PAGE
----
Stories and news from FortisBC

5 exciting ways we’re getting renewable energy from waste

January 27, 2021

Family in a kitchen

We’re working towards an ambitious goal of reducing our customers’ emissions by 30 per cent by 2030—we call it 30BY30. And to achieve this, we’re helping customers transition from diesel to lower-carbon fuels like liquefied natural gas for ships and compressed natural gas for truck fleets. We’re building electric vehicle (EV) charging stations to encourage the use of EVs on BC roads. We’re investing approximately $368.5 million from 2019 to 2022 in energy conservation programs to help our customers use less energy.

We’re also working hard to create enough carbon-neutral Renewable Natural Gas (RNG) to make up 15 per cent of our overall natural gas supply. “We’re always looking for innovative, cost-effective ways to increase our renewable gas supply through our partnerships with municipalities and industry,” says Scott Gramm, FortisBC’s renewable gas supply manager. “Looking beyond 2030, our long-term vision is for renewable gas to make up the bulk of the gas we provide to customers, reducing the use of conventional gas every year.”

What is Renewable Natural Gas?

How is Renewable Natural Gas made?

When bacteria consume decaying organic matter, they produce methane (a greenhouse gas) as a byproduct. That’s what’s happening in your compost bucket, and at your local landfill—where the methane escapes into the atmosphere. With the right equipment in place, the methane can be captured, cleaned and injected into the local natural gas distribution system as RNG.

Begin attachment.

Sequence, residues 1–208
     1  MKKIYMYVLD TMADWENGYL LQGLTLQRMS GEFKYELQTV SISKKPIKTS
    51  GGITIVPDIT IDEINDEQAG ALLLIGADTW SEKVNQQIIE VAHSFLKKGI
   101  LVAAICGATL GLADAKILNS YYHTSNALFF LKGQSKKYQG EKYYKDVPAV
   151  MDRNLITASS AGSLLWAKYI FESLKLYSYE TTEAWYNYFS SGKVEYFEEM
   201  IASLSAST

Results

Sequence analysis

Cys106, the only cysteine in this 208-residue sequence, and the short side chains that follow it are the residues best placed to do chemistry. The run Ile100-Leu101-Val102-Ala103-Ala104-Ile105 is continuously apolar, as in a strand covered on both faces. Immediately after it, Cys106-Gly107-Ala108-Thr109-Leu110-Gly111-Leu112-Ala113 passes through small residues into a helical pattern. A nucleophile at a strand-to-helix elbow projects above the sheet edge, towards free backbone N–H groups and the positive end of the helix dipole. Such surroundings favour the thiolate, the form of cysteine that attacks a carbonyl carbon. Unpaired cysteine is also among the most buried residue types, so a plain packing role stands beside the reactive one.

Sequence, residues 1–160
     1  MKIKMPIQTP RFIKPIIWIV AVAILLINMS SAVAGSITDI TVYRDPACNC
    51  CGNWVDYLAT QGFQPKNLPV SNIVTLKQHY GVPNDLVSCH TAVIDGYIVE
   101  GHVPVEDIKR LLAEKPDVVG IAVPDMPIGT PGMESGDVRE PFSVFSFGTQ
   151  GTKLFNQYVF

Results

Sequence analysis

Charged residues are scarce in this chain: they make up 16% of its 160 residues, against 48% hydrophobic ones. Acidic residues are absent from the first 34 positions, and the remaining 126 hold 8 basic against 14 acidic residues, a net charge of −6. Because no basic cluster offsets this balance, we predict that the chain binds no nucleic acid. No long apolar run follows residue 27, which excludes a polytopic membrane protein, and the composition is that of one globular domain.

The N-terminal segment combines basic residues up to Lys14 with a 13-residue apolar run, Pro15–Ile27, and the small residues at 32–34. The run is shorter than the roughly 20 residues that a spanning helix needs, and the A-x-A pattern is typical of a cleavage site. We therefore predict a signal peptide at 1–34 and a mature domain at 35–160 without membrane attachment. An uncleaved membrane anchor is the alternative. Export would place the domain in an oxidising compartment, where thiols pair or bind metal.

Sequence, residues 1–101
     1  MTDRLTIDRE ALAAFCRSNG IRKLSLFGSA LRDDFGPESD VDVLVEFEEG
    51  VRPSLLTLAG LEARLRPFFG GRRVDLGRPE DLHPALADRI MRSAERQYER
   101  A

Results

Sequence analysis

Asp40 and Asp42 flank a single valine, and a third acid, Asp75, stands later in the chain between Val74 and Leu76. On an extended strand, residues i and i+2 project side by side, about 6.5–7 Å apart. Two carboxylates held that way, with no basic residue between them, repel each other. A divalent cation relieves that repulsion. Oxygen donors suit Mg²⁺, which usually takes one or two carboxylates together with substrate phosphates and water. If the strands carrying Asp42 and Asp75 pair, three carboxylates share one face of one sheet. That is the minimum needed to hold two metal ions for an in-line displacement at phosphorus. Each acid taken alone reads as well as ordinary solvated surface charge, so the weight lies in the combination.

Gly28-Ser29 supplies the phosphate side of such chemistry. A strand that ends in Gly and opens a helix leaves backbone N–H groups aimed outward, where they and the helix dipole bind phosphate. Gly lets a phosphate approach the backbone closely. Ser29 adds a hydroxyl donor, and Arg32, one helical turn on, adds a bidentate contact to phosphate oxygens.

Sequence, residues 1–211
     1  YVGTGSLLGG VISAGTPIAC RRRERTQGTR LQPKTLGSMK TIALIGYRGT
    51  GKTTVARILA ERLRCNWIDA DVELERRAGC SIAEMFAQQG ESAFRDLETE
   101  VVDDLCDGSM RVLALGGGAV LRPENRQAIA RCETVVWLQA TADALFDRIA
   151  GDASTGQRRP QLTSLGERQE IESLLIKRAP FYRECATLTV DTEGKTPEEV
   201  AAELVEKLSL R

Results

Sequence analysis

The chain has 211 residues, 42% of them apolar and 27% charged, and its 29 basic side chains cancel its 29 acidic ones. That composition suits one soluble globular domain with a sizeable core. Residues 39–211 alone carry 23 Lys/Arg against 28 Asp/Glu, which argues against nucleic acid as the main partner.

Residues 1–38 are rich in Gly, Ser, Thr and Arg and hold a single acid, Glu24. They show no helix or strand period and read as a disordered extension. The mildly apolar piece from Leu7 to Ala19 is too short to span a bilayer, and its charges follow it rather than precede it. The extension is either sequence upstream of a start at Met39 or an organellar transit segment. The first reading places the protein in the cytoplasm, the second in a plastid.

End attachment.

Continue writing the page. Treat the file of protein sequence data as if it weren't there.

Waste source graph

Waste source graph

5 ways we’re creating RNG with our municipal and commercial partners:

1. BC landfills 

Two of the earliest RNG suppliers for FortisBC are Kelowna’s Glenmore Landfill, and the Salmon Arm Landfill. Now, RNG production facilities are under construction at the City of Vancouver’s landfill in Delta, BC and the Capital Regional District is working with FortisBC on a supply contract for Victoria's Hartland Landfill. “This is a significant step forward in our ongoing efforts to maximize the beneficial use of the gas we recover at the landfill,” said Cheryl Nelms, General Manager, Project Delivery, Metro Vancouver.

2. Wastewater 

The Lulu Island Renewable Gas Facility in Richmond, BC represents the first wastewater RNG plant for FortisBC and the second of its kind in Canada. Owned by Metro Vancouver, it's significant because it creates a model for more wastewater plants in the future. It's set to begin operations later this year.

“Generating renewable natural gas from wastewater treatment is a win-win for residents and the environment, and the Lulu Island Renewable Natural Gas Facility is just one of the innovative climate action projects underway in Metro Vancouver, as we work together toward the goal of becoming a carbon-neutral region by 2050,” said Sav Dhaliwal, chair of the Metro Vancouver Board of Directors. “Partnerships such as this will be key to the success of Climate 2050, our strategy for addressing and reducing the impacts of climate change on regional infrastructure, ecosystems and communities.”